Monday, March 8, 2010

Review of 14th Shinto Seminar at Kashima Shrine - part 1

This is Dr. Trouble talking...

Intro to this report is here.

When a Biologist attends a Humanities symposium

The 14th Shinto symposium was held in honor of Kashima God (Takemikazuchi). Since I hold a PhD degree in bioscience, all the conferences I know are related to life sciences, and are a lot different from “Shinto and Bushido”. In Kashima, there was no DNA, molecular genetics, cell biology, blah blah, blah…

And what annoyed me the most at this event was the fact that I couldn’t figure out, from the speeches, what bits and pieces had already been known for a long time and what ideas were new. We did not see any pretty pictures in PowerPoint presentations marked with shining green or red laser pointers on a big screen…

Here, I just wanted to mention that I’m going to review this meeting from a “hard science” researcher’s point of view. OK? So if that’s clear, let’s proceed.

“Fu-do (風土)” written by Tetsuro Watsuji, a philosopher

The first speaker was Professor Kanno (a Buddhist monk with a shaved head, wearing a suit) from Tokyo University. The title of his talk was “Nature, Shinto, and Bushido”. He first described the influence of weather on ancient people’s perception of nature. Actually, he referred to Tetsuro Watsuji's (和辻哲郎) book(s). That guy was a philosopher and a historian and got his PhD in literature in 1932 at the age of 43. He was also a tutor of the current Empress, Michiko, when she was engaged to Akihito (based on Wiki Japan). Since I am lazy below is a copy&paste from Wiki regarding Watsuji’s major achievement.

Watsuji's three main works were his two-volume 1954 History of Japanese Ethical Thought, his three-volume Rinrigaku (Ethics), first published in 1937, 1942, and 1949, and his 1935 Fudo. The last of these develops his most distinctive thought. In it, Watsuji argues for an essential relationship between climate and other environmental factors and the nature of human cultures, and he distinguished three types of culture: pastoral, desert, and monsoon. (The French philosopher Montesquieu had developed a theory along similar lines, though with very different conclusions.)

Prof. Kanno’s talk consisted mostly of introducing Watsuji’s work with some of his own comments on it. He started his speech by saying that all human activities at any level are merely attributed to the exchange of materials between individuals and nature. Without any involvement with “Fu-do” (surrounding environments) no human life is achieved, meaning all human activity relies on the surrounding nature. Very true, and I agree with it.

He went further explaining three types of cultures in the world: pastoral (= Europe, for instance), desert (Mid-east, for example), and monsoon (South East Asia, with Japan included). Watsuji came up with this idea while stopping at a variety of harbors on his study trip to Germany, Prof. Kanno explained.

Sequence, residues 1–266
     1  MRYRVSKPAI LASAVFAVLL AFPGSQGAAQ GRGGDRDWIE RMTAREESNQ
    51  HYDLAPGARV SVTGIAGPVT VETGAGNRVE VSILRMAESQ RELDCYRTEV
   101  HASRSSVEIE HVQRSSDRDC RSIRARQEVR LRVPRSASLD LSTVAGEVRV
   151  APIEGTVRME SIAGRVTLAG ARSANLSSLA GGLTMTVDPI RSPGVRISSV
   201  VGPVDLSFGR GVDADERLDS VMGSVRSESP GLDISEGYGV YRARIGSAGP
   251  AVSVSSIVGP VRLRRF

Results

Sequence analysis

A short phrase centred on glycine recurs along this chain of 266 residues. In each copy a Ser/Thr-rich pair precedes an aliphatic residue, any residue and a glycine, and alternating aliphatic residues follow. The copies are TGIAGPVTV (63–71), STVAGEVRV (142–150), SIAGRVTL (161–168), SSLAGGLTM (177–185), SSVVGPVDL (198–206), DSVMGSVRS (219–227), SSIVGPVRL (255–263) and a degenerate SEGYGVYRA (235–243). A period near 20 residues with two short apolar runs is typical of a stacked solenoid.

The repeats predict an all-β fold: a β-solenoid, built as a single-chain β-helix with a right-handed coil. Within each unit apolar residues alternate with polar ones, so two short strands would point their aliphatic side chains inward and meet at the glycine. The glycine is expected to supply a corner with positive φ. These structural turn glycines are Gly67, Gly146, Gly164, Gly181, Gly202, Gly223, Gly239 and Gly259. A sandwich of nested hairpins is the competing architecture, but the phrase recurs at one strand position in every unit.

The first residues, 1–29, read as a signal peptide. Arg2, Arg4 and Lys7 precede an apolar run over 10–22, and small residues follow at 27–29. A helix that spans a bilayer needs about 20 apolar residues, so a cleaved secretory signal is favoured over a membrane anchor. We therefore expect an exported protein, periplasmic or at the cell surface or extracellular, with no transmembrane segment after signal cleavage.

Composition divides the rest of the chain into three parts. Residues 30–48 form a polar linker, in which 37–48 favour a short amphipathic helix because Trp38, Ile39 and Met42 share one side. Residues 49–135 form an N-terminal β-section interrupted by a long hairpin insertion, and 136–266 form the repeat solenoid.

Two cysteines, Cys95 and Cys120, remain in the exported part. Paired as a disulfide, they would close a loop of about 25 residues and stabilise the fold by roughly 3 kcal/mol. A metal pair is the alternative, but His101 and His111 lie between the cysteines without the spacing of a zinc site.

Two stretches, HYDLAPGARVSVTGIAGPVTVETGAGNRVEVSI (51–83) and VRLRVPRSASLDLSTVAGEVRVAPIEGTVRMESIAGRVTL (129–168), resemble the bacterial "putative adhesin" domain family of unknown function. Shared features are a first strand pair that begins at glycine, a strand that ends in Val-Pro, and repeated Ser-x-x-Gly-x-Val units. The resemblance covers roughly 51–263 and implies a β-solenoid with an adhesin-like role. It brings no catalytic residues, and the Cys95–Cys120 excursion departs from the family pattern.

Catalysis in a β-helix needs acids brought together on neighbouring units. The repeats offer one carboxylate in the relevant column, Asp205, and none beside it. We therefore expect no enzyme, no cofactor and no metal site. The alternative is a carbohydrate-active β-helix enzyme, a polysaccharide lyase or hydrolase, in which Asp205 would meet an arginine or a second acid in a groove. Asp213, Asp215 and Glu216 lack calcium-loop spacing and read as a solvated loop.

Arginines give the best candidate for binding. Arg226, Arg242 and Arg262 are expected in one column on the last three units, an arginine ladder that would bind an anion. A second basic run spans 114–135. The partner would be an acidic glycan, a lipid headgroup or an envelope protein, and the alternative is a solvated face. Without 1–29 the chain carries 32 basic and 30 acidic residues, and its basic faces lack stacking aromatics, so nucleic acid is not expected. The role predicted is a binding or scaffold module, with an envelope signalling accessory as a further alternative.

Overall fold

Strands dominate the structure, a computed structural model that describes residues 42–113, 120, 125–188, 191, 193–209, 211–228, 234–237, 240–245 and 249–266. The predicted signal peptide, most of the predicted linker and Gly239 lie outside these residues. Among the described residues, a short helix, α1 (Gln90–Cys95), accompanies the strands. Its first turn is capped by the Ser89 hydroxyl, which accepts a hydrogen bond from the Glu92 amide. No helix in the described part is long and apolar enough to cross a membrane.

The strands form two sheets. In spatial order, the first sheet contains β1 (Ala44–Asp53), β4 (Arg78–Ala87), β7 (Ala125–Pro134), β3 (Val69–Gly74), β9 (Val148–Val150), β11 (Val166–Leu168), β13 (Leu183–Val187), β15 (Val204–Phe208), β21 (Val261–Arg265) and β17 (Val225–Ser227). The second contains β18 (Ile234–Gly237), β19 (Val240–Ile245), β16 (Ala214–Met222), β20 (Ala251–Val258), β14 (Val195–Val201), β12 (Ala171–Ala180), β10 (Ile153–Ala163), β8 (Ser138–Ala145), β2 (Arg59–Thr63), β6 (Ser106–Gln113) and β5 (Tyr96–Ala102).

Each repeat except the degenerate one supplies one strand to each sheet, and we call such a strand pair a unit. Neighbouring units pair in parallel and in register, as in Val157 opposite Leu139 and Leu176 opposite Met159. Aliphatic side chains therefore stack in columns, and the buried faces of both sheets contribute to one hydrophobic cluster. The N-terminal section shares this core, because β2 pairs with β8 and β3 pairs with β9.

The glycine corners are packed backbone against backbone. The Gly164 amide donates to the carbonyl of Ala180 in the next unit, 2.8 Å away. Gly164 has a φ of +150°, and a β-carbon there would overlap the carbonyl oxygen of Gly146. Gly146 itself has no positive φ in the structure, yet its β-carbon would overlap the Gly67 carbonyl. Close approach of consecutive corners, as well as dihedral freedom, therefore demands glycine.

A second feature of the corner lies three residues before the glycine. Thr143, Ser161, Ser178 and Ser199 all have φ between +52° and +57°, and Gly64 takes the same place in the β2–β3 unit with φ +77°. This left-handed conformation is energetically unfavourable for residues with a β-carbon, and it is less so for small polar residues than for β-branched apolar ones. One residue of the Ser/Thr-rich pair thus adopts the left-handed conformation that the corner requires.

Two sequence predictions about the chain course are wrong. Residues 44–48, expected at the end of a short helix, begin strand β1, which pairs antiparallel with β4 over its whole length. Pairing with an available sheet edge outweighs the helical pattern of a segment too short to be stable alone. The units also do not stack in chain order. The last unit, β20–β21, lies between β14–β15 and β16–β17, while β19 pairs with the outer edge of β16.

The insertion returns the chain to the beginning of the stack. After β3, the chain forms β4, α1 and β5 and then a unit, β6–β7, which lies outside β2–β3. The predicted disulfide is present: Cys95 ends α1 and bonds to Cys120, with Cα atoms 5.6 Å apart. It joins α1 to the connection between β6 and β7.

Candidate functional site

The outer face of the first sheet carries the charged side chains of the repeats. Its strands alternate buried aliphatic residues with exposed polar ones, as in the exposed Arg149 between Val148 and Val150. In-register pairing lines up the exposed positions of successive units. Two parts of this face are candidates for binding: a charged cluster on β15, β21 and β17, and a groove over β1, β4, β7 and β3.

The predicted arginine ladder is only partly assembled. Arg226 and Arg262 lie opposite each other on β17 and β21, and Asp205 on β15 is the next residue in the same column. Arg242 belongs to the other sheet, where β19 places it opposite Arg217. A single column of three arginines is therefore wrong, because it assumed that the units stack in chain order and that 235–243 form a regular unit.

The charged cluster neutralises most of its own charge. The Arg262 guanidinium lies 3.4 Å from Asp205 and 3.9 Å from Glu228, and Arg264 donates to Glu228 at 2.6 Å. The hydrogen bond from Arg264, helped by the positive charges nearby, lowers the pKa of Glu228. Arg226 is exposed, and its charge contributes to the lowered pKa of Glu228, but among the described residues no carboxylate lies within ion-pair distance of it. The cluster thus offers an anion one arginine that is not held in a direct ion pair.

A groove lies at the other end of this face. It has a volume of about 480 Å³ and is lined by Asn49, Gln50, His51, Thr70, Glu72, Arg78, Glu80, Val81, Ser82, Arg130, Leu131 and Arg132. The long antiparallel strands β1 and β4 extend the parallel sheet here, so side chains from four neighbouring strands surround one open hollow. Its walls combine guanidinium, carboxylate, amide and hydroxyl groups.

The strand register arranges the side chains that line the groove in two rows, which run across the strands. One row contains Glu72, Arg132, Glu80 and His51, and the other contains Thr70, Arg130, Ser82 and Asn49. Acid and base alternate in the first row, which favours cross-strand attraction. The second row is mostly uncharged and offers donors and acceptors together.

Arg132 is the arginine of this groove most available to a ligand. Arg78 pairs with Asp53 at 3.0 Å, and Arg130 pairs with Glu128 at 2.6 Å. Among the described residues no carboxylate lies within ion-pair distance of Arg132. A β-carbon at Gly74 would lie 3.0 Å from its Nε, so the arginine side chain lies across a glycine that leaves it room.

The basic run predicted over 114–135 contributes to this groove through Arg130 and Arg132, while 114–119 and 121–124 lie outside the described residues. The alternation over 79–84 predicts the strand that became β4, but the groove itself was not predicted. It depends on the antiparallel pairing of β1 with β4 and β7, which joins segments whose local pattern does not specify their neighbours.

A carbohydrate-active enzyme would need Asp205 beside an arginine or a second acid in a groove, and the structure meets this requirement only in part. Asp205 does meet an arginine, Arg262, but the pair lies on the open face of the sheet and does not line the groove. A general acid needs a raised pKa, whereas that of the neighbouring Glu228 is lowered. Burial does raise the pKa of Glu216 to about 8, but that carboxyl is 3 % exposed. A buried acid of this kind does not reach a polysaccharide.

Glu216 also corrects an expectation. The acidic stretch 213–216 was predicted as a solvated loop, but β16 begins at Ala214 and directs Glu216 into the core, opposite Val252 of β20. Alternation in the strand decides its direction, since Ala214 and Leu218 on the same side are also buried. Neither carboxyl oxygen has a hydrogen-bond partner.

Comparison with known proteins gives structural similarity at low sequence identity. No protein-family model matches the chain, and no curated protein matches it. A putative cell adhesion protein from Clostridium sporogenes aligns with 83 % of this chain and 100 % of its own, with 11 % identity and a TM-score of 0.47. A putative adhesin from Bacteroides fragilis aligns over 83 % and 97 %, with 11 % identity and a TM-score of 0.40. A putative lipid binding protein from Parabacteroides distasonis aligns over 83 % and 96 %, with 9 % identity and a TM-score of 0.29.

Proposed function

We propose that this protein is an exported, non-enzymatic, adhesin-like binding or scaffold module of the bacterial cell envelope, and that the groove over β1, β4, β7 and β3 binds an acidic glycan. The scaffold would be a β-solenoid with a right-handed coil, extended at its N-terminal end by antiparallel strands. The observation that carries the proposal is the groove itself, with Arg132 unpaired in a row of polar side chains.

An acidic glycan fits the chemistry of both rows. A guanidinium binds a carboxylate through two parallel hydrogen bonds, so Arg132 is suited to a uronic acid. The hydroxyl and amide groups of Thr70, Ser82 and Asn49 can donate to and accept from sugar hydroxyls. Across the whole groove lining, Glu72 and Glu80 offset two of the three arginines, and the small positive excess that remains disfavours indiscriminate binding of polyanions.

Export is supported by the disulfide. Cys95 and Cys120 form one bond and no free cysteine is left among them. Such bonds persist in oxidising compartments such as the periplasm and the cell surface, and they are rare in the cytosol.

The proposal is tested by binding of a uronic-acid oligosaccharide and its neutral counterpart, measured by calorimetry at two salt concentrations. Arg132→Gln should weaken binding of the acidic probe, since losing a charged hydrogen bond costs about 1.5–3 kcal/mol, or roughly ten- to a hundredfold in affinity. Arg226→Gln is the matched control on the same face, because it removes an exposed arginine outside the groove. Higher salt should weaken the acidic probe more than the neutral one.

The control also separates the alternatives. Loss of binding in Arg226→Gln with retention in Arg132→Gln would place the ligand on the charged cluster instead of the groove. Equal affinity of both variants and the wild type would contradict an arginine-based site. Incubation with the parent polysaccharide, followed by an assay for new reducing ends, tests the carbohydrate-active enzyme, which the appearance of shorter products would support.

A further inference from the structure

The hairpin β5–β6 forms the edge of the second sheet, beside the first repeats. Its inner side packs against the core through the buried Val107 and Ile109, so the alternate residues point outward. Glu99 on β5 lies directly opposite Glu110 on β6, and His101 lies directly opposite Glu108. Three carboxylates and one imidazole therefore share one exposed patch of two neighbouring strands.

Keywords on different types of climates are shown in Table 1. (click on image to enlarge)

His point was that because monsoon climate is fertile enough to supply water to rice fields thanks to frequent rains, most Japanese find divinity in almost everything, but then the weather becomes unpredictably uncontrollable and that makes people come to terms with nature which has no apparent “law and order” and accept it as it is.

Note that typhoons may or may not land in Japan at the time of harvesting rice. God only knows. Therefore, this monsoon-type climate has a strong affinity to the Shinto principle, Prof. Kanno concluded.

In other words, “People grown under different climates find it hard to understand Shinto.” In another words, he thinks that “there is no room for religions which originated in other types of climates to be included in Japan”, Prof. Kanno added and was laughing when he said it… 

We get to watch a martial arts presentation as part of the seminar

Samurai in Christianity, but not in Bushido

I was not happy with such an exclusive attitude and one Japanese writer’s name came to my mind - Shusaku Endo (遠藤周作). He was a Christian who had a unique but controversial opinion on Jesus from Nazareth.

Remember that we had converted some Samurai to Christianity back in the 16-17th centuries. Ukon Takayama (高山右近) and Harunobu Arima (有馬晴信) were the “last converted Samurai”, who were sent to Manila, or executed, respectively.

Well, Prof. Buddhist monk very conveniently did not mention them and their religious persuasion – Christianity, because this fact cancels out his theory.

Remember the title of the seminar? Yep, “Shinto and Bushido”. And according to Prof. Kanno, there is no need to have non-native religions in Japan. Which is kind of ironic, when you consider the fact that he himself is a Buddhist monk.

The story continues in part 3…

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